It’s no secret the Phoenix Police Department continues to suffer from a manpower crisis and has been since City leaders decided the best way to save money after the recession hit over a decade ago was to stop hiring police officers. While hiring began again in 2015, City Manager Ed Zuercher’s goal of having 3,125 sworn officers by July 1, 2018, 260 fewer than we had in 2008, wasn’t met and we have yet to hit that goal. Officers continue to leave the Department due to mandatory retirements and others, frustrated with the increased workload they have taken because we have continued to do more with less, are on the “twenty and out” plan.
Despite the new program of all Phoenix police recruit classes at the Phoenix Regional Police Academy with 50 recruits per class, we are struggling to find qualified candidates to fill the classes and in addition to the normal attrition rate associated with the Academy, we hear of Officers in Training, OITs, quitting shortly after entering the Field Training Officer program because it’s not what they signed up for. Patrol is the backbone of the Department, which responds to calls for service which can’t be handled over the phone by Callback. However, the manpower issue has filtered through the veins of the Department into our investigative details, who like Patrol, continue to do more with less since personnel who promote, retire, or transfer back to Patrol are not being replaced, ironically, because Patrol is still insufficiently staffed to allow transfers into investigative details after testing processes have been completed.
The fifth largest city in the United States continues to grow as new housing and commercial developments sprout up in what used to be open desert and farmland areas and infill projects close to the heart of Downtown have rejuvenated neighborhoods that as recently as five years ago consisted of vacant lots, and run down or vacant buildings. Yet, the Phoenix Police Department struggles to provide quality police service to the residents who have lived here for years or have recently moved here.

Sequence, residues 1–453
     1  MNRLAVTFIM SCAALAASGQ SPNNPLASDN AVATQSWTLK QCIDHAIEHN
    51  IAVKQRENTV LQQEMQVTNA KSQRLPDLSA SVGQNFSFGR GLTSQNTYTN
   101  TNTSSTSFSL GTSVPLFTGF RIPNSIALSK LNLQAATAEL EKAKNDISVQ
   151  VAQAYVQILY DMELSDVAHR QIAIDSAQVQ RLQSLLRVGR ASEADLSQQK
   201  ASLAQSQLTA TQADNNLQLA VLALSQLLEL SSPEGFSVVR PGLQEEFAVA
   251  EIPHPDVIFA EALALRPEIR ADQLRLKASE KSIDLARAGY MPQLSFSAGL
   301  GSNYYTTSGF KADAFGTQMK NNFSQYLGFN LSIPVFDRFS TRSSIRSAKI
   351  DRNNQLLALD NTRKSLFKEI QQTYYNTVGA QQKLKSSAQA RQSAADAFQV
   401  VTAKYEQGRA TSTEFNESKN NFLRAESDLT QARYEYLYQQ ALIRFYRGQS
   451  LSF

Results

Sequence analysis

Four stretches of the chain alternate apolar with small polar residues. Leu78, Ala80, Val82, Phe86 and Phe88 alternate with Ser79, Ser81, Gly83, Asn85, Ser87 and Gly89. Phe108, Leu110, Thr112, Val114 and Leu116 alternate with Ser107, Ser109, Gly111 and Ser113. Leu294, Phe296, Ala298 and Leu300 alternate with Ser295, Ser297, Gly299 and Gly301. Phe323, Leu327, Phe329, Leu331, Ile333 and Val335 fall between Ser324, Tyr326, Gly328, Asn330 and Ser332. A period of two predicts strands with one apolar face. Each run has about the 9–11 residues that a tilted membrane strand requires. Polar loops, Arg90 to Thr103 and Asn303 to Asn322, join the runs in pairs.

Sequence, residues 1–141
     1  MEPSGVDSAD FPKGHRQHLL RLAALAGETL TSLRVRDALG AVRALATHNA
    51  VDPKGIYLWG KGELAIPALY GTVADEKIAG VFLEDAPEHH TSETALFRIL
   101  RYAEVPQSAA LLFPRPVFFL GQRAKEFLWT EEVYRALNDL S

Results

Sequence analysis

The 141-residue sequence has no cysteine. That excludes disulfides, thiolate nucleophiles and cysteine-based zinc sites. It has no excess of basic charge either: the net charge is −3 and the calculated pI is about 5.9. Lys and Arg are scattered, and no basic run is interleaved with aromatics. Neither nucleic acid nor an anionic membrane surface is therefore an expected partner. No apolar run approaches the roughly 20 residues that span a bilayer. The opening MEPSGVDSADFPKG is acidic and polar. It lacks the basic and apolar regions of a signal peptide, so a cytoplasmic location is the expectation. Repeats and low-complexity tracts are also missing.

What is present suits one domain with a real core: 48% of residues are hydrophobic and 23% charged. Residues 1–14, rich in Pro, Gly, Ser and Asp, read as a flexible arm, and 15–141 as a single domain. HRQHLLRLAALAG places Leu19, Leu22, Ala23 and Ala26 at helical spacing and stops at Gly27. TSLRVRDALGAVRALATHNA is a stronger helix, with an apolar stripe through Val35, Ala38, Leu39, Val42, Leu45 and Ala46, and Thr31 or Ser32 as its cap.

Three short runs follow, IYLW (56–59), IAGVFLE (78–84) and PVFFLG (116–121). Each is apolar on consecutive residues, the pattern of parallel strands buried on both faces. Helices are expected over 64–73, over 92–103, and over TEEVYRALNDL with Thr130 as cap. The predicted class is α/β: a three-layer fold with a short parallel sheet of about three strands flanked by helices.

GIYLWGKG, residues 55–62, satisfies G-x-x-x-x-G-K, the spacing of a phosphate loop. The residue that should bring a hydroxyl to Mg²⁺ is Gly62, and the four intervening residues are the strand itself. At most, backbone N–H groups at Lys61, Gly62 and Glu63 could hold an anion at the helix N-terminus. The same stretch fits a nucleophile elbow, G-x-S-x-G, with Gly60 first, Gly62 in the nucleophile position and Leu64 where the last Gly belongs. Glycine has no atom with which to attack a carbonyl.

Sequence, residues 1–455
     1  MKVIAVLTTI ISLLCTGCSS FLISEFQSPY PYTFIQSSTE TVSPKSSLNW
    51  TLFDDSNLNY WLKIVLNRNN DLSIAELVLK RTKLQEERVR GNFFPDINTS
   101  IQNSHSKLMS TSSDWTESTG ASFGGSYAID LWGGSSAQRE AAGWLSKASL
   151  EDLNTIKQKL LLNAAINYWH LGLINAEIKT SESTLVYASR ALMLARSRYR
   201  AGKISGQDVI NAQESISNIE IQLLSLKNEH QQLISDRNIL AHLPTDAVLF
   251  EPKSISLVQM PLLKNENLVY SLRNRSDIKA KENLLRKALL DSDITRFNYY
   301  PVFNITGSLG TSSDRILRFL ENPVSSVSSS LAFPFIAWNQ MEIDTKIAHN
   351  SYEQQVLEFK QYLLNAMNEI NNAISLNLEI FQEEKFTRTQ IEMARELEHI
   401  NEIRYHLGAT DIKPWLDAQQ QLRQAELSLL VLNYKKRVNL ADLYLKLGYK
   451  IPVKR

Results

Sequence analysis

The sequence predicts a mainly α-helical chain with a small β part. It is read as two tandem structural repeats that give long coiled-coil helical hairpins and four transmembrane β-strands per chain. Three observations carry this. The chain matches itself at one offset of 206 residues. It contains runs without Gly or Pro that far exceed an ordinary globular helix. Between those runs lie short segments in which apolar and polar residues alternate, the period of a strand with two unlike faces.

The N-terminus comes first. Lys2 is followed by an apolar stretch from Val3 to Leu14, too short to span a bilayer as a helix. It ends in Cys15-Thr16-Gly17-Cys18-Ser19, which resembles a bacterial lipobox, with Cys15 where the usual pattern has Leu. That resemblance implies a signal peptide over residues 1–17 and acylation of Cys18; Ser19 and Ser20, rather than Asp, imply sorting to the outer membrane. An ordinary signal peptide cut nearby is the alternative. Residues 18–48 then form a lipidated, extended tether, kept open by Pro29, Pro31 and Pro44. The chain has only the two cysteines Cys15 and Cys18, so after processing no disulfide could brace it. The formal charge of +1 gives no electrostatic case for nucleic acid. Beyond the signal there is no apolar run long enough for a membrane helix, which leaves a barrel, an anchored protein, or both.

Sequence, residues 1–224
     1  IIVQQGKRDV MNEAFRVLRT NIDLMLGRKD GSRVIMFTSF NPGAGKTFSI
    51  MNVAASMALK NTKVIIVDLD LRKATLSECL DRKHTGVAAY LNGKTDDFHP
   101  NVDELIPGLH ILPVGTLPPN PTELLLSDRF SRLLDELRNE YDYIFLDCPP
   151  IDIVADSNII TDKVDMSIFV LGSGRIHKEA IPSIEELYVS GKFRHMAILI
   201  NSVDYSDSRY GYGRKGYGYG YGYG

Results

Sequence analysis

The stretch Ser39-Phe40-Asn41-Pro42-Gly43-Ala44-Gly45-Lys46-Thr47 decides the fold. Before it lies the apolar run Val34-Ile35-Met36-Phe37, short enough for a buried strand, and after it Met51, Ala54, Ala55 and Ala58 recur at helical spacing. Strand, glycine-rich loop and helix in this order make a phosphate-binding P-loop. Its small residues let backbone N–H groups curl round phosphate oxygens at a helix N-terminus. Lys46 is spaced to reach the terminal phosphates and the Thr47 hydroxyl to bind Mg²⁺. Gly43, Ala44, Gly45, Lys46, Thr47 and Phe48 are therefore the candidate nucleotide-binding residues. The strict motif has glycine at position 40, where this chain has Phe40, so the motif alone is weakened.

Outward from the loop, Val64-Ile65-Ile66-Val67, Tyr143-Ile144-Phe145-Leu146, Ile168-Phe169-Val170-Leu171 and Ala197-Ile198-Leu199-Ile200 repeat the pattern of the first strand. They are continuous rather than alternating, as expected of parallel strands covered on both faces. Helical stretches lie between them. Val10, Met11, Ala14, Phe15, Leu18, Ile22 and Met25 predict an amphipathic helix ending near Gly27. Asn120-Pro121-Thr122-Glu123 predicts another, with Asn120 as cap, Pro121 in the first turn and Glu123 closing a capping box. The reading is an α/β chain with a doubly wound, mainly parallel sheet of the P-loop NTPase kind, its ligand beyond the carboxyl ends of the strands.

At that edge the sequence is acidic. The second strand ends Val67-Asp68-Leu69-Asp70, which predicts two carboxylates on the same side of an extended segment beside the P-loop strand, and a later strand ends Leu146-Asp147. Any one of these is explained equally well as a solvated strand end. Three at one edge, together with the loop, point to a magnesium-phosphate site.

No group is more vulnerable than the thousands of children residing in the city who fall victim to the horrors of child crimes, which are some of the most despicable crimes imaginable. They include child neglect, child abuse, sexual conduct with a minor, and child molestation. The detectives who investigate these crimes will tell you they are some of the most difficult cases to work due to the graphic nature of the acts themselves and the physical and psychological injuries that result from them. These cases require a very specialized methodology to investigate and the detectives who handle these cases must go through specific training to gain the confidence of the victims so they will disclose what occurred to them.
The Phoenix Police Department’s Crimes Against Children Unit, CACU, has been dealing with manpower issues for over fourteen years! PLEA has a series of memos authored by a now-retired sergeant dating from 2005 through 2012 imploring the chain of command that caseloads, particularly those involving Spanish speaking victims, were unmanageable and the unit needed more personnel to effectively investigate these crimes. PLEA also has documents detailing a presentation made to the then-Public Safety, Veterans, Transparency, and Ethics Subcommittee on March 27, 2012 regarding an internal audit which began in June 2011. Ironically, at that time, the Department and the City chose to hang out a now-retired detective to dry, despite the memos and documentation that this detective and the unit itself were overwhelmed by cases involving Spanish-speaking victims. The memos repeatedly asked for additional personnel as well as funding to cover standby and callouts resulting from Patrol’s response to child crime related calls for service. In essence, the City and Department put a band-aid on a sucking chest wound and this practice has continued as evidenced by what we at PLEA hear from our members who show up to our monthly meetings, email, call, and text us about detective caseloads.